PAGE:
History 193

Modern World History

Mon-Wed-Fri, 1:25, Hardin 233
(Fall 2007)

Prof. Edwin E. Moise
Office: Hardin 102
Office phones: 656-5369, 656-3153
Home phone: 654-7087

Messages can be left in my mailbox in Hardin 124, or in the box on my office door.

Office Hours

    Monday     10:10-11:00, 2:30-3:20
    Tuesday    11:00-12:00
    Wednesday  10:10-11:00, 2:30-3:20
    Thursday   11:00-12:00
    Friday     10:10-11:00 

Course Objectives

To give students an overview of the world and the ways it has changed since the 18th century, including both western and non-western cultures.

What goes into your grade

Your grade in the course will be based mainly on the written work I have assigned. You cannot do extra papers for extra credit. You can improve your grade a bit by participating in class discussion. The best way to pick up extra points is to catch me in a mistake in class. If you can point out to me that I have made a mistake you get two points extra in the gradebook. If you present a good clear argument that I am wrong about something, with evidence, then your grade may be boosted even if you do not succeed in convincing me.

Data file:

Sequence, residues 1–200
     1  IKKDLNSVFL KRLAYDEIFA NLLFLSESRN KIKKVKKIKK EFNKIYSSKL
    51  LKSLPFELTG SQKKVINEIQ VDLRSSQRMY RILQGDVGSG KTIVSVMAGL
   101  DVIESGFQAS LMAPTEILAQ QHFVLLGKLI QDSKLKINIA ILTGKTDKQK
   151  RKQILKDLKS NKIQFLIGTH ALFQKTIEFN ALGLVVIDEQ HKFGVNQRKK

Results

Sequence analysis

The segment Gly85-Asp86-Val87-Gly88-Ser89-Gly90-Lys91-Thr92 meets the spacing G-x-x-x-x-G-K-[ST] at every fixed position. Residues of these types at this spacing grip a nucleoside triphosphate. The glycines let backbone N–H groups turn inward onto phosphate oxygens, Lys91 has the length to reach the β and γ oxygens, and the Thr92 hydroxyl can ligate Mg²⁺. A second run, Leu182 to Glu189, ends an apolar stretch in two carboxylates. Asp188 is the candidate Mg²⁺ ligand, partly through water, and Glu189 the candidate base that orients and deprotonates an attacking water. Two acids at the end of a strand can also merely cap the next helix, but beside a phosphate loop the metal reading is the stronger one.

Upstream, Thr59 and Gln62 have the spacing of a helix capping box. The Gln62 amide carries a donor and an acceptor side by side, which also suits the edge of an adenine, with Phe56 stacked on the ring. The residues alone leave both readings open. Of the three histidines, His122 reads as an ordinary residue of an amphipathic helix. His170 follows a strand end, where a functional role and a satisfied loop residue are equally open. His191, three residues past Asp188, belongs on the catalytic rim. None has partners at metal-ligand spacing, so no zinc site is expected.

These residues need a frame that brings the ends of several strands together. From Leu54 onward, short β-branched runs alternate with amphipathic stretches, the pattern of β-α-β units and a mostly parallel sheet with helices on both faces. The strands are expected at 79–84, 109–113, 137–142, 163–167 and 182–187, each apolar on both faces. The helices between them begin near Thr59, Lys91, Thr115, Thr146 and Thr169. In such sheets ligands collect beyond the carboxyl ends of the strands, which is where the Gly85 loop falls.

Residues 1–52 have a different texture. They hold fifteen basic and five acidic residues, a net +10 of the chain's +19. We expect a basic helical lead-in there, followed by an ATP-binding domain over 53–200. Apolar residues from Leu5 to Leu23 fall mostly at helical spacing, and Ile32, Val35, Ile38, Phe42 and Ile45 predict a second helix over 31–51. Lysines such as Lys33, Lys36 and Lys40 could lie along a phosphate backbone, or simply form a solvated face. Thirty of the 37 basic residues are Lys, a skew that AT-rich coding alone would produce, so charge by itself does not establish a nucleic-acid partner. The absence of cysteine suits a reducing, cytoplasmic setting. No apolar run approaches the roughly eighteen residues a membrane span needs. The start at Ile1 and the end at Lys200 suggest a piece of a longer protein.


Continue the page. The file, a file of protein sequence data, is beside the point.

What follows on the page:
I do not emphasize trivial factual details in this course. On tests and quizzes I will NOT ask you to tell me the year Kenya became independent of British rule. There are some facts you need to know, but they are more important things than dates and names. On the other hand, I will expect you to get an idea of the sequence of events, what came first and what came later.